It was instigated by Queen Elizabeth I who wanted cash to repair and refurbish England’s ships, ports and harbours, so boosting trade and at the same time making the country better fit for war.
The Queen’s advisers had told her that the option of a rise in general taxation would be deeply unpopular.
This, however, was not to be a lottery for every Tom, Dick or Harry: the cost of a ticket was a hefty ten shillings. That was only half of one pound sterling, but it was a sum beyond the means of most working folk.
The thinking was that to raise the serious money the Queen needed, the lottery would have to be aimed at the rich who would happily hand over the expensive cost of entry if fabulous prizes were dangled before them.
And they were. The first prize was £5,000 – equivalent to many millions today. The value of the prizes then decreased so that the tenth prize, for example, brought the winner £200. The prizes were to be paid partly in “ready money” and partly in plate, tapestries and “good linen cloth”.
There would be 400,000 lots (tickets) and scrolls advertising the lottery were posted up and down the country announcing:
“A very rich Lotterie generall, without any Blanckes, contayning a great number of good Prices, aswel of redy Money as of Plate and certaine sorts of Marchaundizes, having ben valued and priced by the commaundment of the Queenes most excellent Majestie, by men expert and skilfull: and the same Lotterie is erected by hir Majesties order, to the intent that suche commoditie as may chaunce to arise thereof after the charges borne, may be converted towardes the reparation of the Havens, and strength of the Realme, and towardes such other publique good workes. The number of Lots shall be Foure hundreth thousand, and no more: and every Lot shall be the summe of Tenne shillings sterling onely, and no more.”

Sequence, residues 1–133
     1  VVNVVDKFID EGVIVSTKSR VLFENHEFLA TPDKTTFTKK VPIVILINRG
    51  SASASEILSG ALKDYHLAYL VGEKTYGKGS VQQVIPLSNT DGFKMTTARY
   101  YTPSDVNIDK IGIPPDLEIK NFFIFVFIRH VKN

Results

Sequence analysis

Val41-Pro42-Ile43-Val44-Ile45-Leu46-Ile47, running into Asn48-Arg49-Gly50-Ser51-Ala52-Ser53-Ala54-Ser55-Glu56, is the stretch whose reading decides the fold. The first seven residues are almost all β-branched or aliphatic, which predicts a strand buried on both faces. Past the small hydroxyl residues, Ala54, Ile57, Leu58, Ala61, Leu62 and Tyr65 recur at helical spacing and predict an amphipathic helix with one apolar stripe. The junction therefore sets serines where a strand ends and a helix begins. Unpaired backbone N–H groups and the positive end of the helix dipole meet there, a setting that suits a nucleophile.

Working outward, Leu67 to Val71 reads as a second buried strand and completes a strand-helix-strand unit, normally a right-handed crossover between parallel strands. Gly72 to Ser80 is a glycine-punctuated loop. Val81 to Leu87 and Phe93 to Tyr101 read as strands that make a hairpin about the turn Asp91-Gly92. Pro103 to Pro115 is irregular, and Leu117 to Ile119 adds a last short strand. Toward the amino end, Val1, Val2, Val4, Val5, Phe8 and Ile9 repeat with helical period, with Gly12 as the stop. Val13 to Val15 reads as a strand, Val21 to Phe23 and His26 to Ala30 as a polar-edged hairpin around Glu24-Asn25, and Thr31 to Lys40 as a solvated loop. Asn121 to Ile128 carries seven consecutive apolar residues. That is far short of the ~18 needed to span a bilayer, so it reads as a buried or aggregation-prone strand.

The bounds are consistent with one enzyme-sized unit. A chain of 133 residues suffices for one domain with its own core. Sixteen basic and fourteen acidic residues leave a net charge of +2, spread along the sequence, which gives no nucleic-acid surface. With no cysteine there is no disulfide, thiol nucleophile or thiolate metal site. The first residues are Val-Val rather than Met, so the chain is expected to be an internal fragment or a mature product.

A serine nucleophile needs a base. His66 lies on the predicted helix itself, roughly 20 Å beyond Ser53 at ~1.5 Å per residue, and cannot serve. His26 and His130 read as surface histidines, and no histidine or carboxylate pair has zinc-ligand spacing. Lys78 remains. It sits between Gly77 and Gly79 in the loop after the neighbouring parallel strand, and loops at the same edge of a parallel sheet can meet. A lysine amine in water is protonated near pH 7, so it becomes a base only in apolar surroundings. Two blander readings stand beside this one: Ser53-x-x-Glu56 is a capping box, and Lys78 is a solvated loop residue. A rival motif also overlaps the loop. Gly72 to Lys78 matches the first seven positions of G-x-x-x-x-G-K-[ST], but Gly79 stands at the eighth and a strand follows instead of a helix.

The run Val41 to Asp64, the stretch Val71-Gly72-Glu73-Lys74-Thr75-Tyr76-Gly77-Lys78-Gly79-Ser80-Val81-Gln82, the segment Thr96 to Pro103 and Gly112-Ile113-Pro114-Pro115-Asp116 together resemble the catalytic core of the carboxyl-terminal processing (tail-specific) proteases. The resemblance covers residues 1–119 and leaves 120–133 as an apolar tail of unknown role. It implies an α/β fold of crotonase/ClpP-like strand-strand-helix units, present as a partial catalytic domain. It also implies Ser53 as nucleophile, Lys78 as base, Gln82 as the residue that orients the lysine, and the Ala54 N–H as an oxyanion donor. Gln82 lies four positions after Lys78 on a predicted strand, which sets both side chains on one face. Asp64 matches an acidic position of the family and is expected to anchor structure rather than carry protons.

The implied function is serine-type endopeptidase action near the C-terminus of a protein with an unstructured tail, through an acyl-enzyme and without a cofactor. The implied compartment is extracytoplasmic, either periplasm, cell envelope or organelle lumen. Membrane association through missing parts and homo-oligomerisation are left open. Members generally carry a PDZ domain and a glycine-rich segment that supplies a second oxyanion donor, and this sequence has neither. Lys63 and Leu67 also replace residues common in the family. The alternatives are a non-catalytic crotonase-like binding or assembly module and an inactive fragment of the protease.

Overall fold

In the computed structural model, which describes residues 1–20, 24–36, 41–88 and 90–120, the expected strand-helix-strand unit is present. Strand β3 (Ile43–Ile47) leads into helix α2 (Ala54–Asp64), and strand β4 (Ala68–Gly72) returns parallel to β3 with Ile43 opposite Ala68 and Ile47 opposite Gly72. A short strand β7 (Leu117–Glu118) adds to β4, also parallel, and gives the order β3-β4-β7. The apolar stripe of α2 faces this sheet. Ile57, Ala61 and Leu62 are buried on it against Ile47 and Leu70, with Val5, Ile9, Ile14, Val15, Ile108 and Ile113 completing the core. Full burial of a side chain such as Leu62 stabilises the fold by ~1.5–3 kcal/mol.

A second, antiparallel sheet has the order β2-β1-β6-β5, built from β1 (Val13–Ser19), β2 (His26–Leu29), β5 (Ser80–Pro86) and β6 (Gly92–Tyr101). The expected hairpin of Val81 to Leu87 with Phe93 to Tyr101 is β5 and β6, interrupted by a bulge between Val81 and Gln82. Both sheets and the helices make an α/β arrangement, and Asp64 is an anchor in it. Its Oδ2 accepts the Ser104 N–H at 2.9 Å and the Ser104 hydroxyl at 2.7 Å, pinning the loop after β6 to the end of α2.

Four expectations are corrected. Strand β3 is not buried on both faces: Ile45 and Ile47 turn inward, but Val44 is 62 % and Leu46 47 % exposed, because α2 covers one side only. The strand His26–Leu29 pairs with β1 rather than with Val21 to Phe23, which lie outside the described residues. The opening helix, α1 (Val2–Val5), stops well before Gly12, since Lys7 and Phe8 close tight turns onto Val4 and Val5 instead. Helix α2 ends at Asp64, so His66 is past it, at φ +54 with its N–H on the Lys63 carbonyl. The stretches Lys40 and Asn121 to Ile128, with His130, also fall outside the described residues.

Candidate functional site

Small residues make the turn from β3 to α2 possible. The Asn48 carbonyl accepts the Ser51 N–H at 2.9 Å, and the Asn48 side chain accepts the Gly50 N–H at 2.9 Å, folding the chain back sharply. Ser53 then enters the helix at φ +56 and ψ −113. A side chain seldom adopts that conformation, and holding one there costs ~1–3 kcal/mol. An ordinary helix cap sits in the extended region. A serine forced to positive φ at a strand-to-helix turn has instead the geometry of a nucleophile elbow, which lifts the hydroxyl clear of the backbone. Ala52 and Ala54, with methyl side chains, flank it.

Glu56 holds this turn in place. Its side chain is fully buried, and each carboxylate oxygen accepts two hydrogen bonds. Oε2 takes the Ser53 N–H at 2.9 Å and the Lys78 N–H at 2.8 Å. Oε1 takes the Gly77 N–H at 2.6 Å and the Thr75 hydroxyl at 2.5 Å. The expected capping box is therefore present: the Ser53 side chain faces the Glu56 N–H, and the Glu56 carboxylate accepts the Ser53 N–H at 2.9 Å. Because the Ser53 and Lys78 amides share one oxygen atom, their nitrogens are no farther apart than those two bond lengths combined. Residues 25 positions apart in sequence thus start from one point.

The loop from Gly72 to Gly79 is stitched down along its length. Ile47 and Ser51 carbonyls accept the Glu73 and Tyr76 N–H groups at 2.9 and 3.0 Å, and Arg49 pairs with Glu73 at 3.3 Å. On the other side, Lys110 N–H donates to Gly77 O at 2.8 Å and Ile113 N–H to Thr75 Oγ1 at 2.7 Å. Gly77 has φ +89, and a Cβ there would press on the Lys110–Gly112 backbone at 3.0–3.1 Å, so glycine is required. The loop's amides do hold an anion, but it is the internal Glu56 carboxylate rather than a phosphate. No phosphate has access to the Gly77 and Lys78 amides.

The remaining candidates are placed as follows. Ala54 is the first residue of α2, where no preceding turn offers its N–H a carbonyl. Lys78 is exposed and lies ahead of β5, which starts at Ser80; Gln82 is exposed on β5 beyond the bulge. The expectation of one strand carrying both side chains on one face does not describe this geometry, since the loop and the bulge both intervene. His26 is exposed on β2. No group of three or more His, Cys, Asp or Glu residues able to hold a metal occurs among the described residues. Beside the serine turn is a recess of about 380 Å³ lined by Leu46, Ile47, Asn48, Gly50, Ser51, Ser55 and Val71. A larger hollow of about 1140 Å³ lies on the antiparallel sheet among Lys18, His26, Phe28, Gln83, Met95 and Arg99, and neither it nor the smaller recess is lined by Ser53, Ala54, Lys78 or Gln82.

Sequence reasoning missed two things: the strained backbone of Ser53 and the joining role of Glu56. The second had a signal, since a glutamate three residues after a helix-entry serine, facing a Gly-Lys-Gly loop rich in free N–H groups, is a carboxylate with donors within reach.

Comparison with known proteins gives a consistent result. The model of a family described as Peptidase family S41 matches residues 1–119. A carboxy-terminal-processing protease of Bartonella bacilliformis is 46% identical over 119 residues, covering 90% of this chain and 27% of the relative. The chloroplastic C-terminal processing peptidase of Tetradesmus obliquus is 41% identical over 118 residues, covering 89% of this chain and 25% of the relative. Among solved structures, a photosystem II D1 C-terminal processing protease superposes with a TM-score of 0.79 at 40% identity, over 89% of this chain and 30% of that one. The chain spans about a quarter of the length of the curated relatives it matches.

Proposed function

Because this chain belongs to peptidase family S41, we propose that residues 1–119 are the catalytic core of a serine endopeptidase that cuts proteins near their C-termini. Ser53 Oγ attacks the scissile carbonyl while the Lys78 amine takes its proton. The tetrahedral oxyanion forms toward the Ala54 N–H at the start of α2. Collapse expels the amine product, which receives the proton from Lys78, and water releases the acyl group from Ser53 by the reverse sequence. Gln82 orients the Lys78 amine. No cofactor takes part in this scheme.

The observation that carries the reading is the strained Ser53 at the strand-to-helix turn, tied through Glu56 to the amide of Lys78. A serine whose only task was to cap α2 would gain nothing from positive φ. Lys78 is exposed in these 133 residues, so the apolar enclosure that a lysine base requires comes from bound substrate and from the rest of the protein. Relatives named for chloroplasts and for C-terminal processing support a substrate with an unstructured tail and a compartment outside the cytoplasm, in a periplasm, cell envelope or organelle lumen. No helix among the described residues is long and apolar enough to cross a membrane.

Syndicates were formed so that poorer people could share in the fun. The tickets were all sold and on January 11, 1569 the lottery was drawn by the Queen herself on the steps of St.Paul’s Cathedral in London before an enormous excited crowd. There is no surviving record naming the lucky winner.
One of the great attractions of the lottery was the equivalent of a “get out of jail free” card. For a week, everybody who bought a ticket was immune from arrest for any committed crimes other than piracy, murder or treason.
About 150 years later the novelist and dramatist Henry Fielding wrote: “A lottery is a taxation upon all the fools in creation; and heaven be praised, it is easily raised, for credulity’s always in fashion.”
Had he said that in Elizabeth’s time he probably would have needed the “get out of jail free” card!
But as well as making some people very rich there is no doubt that lotteries have cultural significance. Some historians believe that the Great Wall of China was built partly using cash raised by a form of lottery. And in modern times construction of the world famous Sydney Opera House was largely funded by the New South Wales state lottery.
In America, religious objections to this form of gambling were overcome in 1655 by the astute organisers of a lottery held in New York (then named New Amsterdam). Participants were asked to estimate the approximate number of bibles sold in a specific time period!
Published: January 2, 2021
Queen of England and Ireland